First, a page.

Traditional croaking frog guiro

What is a guiro?

A guiro is a type of percussion musical instrument, its history is unknown but is said to relate back to originate in either Africa or South America. The Aztecs created something that is very similar to a güiro, it was known as an omitzicahuastli, whilst this is a bit of a mouthful to pronounce it was also played in the same manner. 

By definition it is a musical instrument with a serrated surface which gives a rasping sound when scraped with a stick, originally made from a hollowed gourd and used in Latin American music, its Spanish pronunciation is ‘ɡwiɾo’.

Other names for the Guiro

The percussive instrument goes by many other names such as Güira, rascador, güícharo, candungo, carracho, rayo

What are they usually made from?

Whilst the body of the guiros are traditionally made from a dried gourd, more modern ones can be made from any material such as wood, metal, plastic, bamboo and even fibreglass. They also come in many shapes and sizes such as a standard block, frog guiros are common, and we have crocodile ones.

When was it invented?

The instrument was discovered as early as 1788

How is it played? 

There are many techniques that can be used to play, but the guiro is usually played by scraping along the notches of the instrument. The sound effect varies from instrument to instrument depending on the materials used, the depth of the notches and spacing between. 

Top 7 Most Popular Guiros

1. Crocodile

crocodile guiro

This is one mean snappy crocodile, stunningly carved, and works well as an ornament! Whilst the one in the photo is natural wood, it does also come in green and is just as snappy! 

2. Croaking Frog

croaking frog guiro 

A boxed croaking frog guiro that is made from high-quality acacia wood, that has been hand carved in northern Thailand. This is a more traditional guiro, and is an extremely popular option. The frogs mouth opening allows for more resonance, and unique sound when struck with the stick but also it's open mouth means that you have somewhere secure to keep your stick when not in use. No music studio is complete without a frog guiro, and his one doesn't require water lilies!

3. Cricket

 cricket guiro

The small cricket wooden guiro block has been hand-painted, and is a perfect insect for children to play! It's a good practice beginner instrument before moving on to the real thing, and as it is so compact it can be used on the go, for a pro! 

4. Bamboo Rasp

 bamboo rasp

This beautiful long bamboo rasp is approximately 35 cm long. The guiro features a simplistic hand-painted dot design on both ends and has deep ridges that allow for a fantastic sound. The stick and the rasp are always together, and can be hung up to save some space. Suitable for the professional musician, or for anyone who has a passion for music. 

5. Gourd Shaker

 gourd guiro shaker

It's more like the traditional type of guiro but it works as a multipurpose instrument being also a shaker with a rainstick type of sound. It has a woven strap by the handle and has been stunningly hand painted in Peru. This shaker guiro is made from natural produce, and the gourd is commonly grown for it's diverse uses. If you want more bang for your buck, then this 2 in one, offers a lot of options in the studio, and is an all-round winner!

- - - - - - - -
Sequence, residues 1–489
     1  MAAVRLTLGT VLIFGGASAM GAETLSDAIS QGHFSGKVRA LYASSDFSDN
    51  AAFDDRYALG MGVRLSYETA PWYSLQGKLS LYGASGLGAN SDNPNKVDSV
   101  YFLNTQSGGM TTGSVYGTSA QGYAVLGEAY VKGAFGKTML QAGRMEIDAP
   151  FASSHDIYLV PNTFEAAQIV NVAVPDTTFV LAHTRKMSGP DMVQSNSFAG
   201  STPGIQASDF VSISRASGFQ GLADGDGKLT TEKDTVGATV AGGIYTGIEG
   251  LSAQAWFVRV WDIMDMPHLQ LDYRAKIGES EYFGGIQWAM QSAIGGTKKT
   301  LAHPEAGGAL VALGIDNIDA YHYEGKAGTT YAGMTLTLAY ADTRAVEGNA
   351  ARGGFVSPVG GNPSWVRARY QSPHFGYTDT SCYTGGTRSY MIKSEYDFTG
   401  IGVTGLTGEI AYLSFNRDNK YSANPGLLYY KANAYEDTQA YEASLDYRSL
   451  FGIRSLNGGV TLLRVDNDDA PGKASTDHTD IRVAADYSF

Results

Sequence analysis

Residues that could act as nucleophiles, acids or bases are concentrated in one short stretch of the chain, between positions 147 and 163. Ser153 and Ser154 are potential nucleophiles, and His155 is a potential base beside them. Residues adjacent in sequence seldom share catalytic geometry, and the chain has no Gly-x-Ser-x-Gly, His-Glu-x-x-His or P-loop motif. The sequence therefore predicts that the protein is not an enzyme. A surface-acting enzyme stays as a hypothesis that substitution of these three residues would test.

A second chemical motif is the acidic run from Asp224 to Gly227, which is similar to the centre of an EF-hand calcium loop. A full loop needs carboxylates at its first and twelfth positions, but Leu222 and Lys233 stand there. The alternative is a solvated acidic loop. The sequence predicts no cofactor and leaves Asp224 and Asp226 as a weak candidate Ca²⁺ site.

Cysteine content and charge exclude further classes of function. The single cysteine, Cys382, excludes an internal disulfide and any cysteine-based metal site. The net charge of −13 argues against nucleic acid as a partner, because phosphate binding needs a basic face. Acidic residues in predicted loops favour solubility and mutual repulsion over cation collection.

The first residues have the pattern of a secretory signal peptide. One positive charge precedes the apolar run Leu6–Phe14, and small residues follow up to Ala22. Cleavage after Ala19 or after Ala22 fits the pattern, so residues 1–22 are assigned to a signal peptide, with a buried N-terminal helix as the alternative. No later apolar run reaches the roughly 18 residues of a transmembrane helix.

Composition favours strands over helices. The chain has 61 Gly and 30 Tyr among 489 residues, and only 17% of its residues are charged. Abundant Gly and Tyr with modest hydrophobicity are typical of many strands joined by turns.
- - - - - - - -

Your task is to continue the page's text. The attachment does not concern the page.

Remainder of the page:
6. Tone Block

tone block guiro by stagg

These guiros are most commonly found in school KS3 music classes, in fact this is the first one that I ever played and it was in school. They are perfectly suited for smaller hands, and the medium sized instrument is best suited for a beginner. Reviewers said that the instrument had a pleasing sound that was groovy and delivered a great tone.

7. Kids Guiro

kids toy guiro 

Showcasing the guiro designed for kids, suitable for ages 3 years plus. The rainbow multicoloured stripes will make young children want to play with it and when they do, they will be learning to play music without even realising. Educational toys are fantastic for children and they also last the longest because they take longer for kids to grow out of offering years of play time. It has been carefully crafted from wood and is smooth to the touch. It's lightweight, and comes with a beater.

Up next: What is a Shaker?




This is clearly indigenous. I understand we do have influence from African in our music and I am very proud of my african roots I have in my DNA but their are many variations to instruments in the Americas that simulate animal sound the Aztecs for example have many many whistles that simulate animals. And Iv never heard of or seen an African instrument similar to this. I say this because our Taino had culture. Iv had many discussions with African Americans that say everything about our culture is from theirs and how we have no original culture. We need to start holding pride to things that are Taino

ryan bomzer

@Cindy Herrmann – The exact history of the güiro is unknown, according to speculations the instrument could have originated in south america or africa but the earliest recorded reference to the instrument was in 1788, by a monk and by a Historian in Puerto Rico. It is likely that an American musician would have seen one in the 1970s. I look forward to reading your article, please do post a backlink to this page :)

Cindy Herrmann

When did people start making the frog shape? Were they around in the 1970s? I’m writing a story, and want to know if an American musician could have seen one in the 1970s.


wow I want it

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